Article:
Back on the pitch of Central Coast Stadium, where the 20,000-seat capacity makes it the second-smallest in the A-League, all eyes were on the track and field star. His first input was a give-and-go: a short pass to a teammate, a touch, then a long pass, drilled down the line. A left-footer, Bolt performed well enough, a spin on that old cliche: good touch for the fastest man in the world.
In the rondo (piggy in the middle) the ball slipped under his studs. He was too slow. His teammates clapped him on the back. When they broke for a seven-a-side game, Bolt didn’t play. He stretched behind the goal, in deep conversation with a coach and new signing Kalifa Cissé.
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The pressure was immense for what was a routine trot around the park. Journalists waiting for a story muttered among themselves, talking about how he didn’t move forward to the ball when receiving, was static, “doesn’t anticipate”.
He told the media afterwards fitness was his main priority, and after that he would focus on the football. “I’m entirely out of my comfort zone but that’s why I am here,” he said. “It is just like track and field. The first day of training is always the roughest one. But it felt OK. I came to work and I’m ready to work. I’m very cool under pressure. I have an ability to understand very quickly and learn quickly, and I think I see the game very well.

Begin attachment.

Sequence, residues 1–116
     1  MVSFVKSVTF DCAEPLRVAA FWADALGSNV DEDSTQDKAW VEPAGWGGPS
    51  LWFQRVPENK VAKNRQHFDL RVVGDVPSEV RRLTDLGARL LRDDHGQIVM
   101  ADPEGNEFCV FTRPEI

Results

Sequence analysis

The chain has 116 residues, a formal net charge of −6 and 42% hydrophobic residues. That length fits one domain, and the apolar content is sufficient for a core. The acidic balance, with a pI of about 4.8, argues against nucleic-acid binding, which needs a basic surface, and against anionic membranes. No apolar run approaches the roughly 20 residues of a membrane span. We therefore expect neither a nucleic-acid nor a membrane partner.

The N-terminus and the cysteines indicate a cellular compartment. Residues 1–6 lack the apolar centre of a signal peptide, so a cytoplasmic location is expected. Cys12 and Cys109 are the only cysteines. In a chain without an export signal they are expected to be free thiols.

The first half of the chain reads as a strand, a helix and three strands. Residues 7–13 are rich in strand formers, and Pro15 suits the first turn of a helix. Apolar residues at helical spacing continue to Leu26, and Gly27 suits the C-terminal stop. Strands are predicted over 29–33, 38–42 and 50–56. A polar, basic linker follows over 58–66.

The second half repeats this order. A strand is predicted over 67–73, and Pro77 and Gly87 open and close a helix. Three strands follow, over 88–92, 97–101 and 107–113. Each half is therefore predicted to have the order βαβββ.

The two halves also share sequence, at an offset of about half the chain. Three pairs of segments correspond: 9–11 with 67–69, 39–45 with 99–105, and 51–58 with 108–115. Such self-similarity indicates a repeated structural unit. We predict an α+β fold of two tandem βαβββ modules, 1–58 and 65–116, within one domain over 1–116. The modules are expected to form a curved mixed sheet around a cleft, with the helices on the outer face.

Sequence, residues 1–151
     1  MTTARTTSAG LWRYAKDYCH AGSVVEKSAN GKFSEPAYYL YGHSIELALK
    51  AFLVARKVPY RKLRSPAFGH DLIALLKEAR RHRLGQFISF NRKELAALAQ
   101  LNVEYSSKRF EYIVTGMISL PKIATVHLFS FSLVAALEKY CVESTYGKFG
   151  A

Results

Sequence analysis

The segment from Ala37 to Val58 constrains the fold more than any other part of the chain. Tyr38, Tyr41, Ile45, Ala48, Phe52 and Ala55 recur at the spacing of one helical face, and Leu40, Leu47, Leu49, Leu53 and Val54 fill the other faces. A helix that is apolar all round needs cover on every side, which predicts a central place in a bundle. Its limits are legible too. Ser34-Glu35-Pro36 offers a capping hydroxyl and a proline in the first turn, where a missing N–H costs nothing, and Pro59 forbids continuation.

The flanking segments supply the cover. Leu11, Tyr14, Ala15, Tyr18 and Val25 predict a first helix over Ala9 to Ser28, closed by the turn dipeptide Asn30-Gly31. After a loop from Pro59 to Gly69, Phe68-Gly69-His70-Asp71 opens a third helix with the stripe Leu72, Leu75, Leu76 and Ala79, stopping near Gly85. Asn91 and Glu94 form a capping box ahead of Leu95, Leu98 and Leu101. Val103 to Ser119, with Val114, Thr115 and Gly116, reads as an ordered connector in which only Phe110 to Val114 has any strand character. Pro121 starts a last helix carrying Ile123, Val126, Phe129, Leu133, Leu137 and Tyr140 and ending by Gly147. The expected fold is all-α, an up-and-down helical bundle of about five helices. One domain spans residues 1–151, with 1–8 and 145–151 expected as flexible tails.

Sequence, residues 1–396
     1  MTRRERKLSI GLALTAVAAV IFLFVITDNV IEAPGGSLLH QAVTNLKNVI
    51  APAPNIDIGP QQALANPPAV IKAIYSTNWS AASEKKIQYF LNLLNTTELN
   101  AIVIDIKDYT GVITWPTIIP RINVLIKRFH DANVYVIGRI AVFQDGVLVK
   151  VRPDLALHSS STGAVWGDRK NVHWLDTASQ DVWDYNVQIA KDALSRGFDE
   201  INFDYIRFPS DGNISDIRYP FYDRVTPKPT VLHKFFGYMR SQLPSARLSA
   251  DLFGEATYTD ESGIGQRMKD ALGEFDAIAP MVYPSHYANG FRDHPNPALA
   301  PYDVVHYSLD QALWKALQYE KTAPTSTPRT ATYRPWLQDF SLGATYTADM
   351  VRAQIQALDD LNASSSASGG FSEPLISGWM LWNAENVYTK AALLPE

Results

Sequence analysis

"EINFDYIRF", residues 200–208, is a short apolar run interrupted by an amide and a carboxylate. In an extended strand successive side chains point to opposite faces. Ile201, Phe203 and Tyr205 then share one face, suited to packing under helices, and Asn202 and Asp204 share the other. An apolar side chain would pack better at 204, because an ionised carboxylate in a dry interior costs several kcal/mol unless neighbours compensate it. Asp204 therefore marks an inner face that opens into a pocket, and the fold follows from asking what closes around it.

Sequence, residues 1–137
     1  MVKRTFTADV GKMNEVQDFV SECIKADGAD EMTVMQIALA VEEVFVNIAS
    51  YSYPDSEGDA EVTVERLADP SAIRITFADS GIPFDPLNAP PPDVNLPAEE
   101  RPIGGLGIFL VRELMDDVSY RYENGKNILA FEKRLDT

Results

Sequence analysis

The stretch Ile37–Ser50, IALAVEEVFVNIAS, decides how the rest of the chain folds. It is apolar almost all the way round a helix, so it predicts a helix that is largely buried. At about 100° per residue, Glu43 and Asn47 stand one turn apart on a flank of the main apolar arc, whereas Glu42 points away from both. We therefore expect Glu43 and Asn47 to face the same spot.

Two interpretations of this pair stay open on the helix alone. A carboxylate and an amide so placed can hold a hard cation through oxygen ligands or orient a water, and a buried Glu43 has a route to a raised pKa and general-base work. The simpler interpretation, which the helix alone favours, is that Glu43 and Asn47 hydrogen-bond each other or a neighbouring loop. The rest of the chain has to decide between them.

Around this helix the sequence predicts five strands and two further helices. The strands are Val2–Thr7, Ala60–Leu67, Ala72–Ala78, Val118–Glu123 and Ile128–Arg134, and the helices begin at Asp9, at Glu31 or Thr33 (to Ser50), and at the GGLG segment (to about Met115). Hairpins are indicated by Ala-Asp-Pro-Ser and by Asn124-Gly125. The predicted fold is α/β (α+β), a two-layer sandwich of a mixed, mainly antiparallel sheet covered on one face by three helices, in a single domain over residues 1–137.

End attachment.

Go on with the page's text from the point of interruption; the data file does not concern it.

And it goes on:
Bolt is hoping to secure a contract to play in the A-League in the upcoming 2018-19 season. Photograph: Dan Himbrechts/EPA
“I’m just going to put in the work,” he added. “I have to get fit. I’m just here to push myself … learn and get better. As I told the coach from the start, I’m here with a blank slate.”
Bolt, a frequent visitor to Australia, revealed he had picked the A-League over offers from second-tier teams across Europe. “We got offers from teams in Spain, France, places like that. For me it would have been harder, I would have to learn a new language. Australia is somewhere I enjoy coming to. I’ve come to Australia a lot.”
Outside the stadium, Michelle and Stuart Bolte-Gall were walking their dog, and trying to peek through the fencing. Football fans themselves, their grandchildren play for the junior Mariners, and they couldn’t be happier with Bolt’s appearance. “It’s very good for Gosford, we think it’s great,” said Stuart. “I was a Bolte,” said Michelle, “My surname was Bolte. My first husband was Bolte. Now I’m Bolte-Gall.”
Like many residents, they hold out hope of meeting the Jamaican superstar on the sedate streets of Gosford. Bolt said he was approachable and that residents should come and say hello. “I haven’t been out yet really, just trying to find a place to live. It’s quiet, and I’m that type of person. It should suit me well.”
Back at the bowls club, Fiona Ford was just as supportive, but with her game in full flow, was too busy to try and sneak in. “We’ve got a game on,” she said. “But he can peek over the top and give us a wave”.